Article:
When Maria Viera-Williams was a child in Massachusetts, her mother would make little dolls from chickpeas, napkins and toothpicks. Sitting in a circle on the living room floor with her twin sister and four other siblings, she listened to stories of her family’s life in Puerto Rico before Viera-Williams turned 5.
Today, she teaches reading and writing to English-language learners at Lake Highlands High School. Many are immigrants from distant countries fighting to acquire enough English to graduate and land jobs. Others aspire to earn advanced college degrees or serve in the military. Viera-Williams encourages each of them to value their culture and cherish their childhood memories.
“My father joined the army in Puerto Rico when I was 5,” Viera-Williams says. “I didn’t speak English, and my sister and I would listen to people talk and imitate their speech patterns and the way they moved their hands.”
She noticed that English speakers sometimes spit when they spoke, and the differences she observed between English and her native Spanish led her to acquire a master’s degree in linguistics.
“Right from the beginning, I wanted to be a teacher,” she says. “In the third grade I wanted to help other children in my class learn Spanish and English.”
Sometimes Viera-Williams’ family lived on Army bases where their dad was stationed, but often they lived in communities with immigrants from places like Greece, Italy, Russia, China, Japan and Cuba. She recalls parents coming to class to read legends from their countries, and she noticed every teacher who worked to make immigrant children feel welcome.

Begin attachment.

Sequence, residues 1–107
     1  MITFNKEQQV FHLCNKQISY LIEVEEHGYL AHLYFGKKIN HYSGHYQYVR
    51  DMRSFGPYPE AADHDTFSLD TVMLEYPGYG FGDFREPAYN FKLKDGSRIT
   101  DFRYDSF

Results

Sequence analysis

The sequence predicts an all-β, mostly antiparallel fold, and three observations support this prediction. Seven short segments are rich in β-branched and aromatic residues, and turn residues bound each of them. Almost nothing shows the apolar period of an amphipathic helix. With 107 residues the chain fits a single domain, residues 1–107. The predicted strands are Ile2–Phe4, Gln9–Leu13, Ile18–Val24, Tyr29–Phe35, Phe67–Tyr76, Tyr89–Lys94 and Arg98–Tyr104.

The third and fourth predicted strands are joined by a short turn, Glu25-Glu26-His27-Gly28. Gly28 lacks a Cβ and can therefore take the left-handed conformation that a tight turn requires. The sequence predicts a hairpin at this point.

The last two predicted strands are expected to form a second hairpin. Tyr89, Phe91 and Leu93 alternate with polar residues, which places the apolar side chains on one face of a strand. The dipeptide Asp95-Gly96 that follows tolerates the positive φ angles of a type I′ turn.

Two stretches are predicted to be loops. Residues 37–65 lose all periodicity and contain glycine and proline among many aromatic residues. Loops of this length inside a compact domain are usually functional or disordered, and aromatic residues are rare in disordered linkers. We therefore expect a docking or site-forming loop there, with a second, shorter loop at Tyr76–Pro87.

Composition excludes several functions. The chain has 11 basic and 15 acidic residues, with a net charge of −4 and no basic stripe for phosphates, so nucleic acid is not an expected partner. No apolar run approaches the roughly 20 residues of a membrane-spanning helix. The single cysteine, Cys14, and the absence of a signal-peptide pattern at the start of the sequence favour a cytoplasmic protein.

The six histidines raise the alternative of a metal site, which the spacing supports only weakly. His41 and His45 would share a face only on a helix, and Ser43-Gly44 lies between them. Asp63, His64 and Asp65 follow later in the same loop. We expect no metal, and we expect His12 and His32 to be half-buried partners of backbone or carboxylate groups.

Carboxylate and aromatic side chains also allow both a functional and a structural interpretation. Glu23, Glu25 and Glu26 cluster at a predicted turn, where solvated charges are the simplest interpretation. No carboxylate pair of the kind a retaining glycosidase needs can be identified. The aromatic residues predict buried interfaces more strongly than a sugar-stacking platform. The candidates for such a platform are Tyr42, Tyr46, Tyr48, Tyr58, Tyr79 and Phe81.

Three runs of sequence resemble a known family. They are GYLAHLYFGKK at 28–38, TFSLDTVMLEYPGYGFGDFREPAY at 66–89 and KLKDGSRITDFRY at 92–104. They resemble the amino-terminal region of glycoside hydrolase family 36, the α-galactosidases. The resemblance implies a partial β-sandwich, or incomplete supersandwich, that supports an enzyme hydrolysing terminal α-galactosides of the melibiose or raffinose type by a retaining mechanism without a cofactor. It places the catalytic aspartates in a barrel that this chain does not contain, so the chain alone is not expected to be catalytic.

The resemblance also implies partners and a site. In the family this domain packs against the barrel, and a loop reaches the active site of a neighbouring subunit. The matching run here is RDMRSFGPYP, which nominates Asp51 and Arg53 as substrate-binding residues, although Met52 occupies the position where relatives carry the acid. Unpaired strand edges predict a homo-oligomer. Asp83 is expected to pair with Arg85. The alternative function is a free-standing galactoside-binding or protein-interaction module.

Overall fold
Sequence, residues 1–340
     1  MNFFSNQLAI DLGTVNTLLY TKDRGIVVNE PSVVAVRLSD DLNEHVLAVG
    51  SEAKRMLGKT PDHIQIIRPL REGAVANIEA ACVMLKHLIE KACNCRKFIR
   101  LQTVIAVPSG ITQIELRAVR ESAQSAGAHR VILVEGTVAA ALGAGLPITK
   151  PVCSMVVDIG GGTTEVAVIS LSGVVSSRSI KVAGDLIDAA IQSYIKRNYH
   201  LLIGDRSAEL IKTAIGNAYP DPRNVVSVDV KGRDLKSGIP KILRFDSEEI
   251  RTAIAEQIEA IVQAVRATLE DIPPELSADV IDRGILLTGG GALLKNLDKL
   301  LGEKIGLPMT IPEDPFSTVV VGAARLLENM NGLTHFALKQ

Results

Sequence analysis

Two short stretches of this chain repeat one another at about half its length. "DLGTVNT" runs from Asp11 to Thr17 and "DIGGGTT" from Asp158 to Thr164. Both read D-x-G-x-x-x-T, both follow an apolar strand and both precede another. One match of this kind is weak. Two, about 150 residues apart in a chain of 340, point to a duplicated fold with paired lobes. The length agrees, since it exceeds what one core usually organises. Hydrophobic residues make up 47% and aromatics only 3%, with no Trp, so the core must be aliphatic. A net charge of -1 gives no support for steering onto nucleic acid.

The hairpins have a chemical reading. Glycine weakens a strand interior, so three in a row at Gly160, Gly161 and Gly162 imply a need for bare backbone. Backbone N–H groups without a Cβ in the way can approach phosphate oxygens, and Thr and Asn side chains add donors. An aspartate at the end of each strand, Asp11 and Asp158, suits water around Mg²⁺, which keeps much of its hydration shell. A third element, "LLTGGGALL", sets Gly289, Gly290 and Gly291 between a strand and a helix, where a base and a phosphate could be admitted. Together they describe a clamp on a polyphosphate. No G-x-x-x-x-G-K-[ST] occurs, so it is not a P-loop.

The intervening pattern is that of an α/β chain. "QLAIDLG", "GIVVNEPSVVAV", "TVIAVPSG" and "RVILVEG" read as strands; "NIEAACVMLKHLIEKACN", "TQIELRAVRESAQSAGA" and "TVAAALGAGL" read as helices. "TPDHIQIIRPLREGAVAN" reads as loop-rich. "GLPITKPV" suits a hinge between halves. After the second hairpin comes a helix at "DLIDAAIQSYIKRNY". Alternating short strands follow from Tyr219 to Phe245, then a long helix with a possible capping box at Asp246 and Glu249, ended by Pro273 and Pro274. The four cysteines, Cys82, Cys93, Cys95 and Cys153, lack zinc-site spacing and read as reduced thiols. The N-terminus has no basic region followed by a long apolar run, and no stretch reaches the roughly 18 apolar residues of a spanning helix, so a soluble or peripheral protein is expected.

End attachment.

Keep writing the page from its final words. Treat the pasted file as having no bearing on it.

At LHHS, many international students credit Viera-Williams for inspiring them to maintain their native language and culture. She encourages them to wear native dress to school and to retain their early languages, which contain pathways to learning English. She also encourages students to fully integrate into campus life by participating in sports, clubs and extracurricular activities.
Viera-Williams serves on Richardson ISD’s Equity, Diversity and Inclusion Committee, and says that only about 30% of district students are white, while about 70% of faculty is white. At LHHS, about 500 of 3,000 students are English-language learners, hailing from 40 countries and speaking 73 languages.
Earlier this year, Viera-Williams was named International Educator of the Year by the National Junior World Affairs Council, and in April her LHHS chapter of JWAC earned the Most Active Chapter in DFW title for the third year in a row.As founder and senior co-sponsor, she’s brought dozens of speakers and programs to the students and helped them learn lessons about the big, wide world.
“The kids tell me coming to JWAC has made their minds become more plastic,” Viera-Williams says. “It stretches open to learn about other cultures and questions – questions they didn’t even know to ask. They’re painting with more colors than ever before.”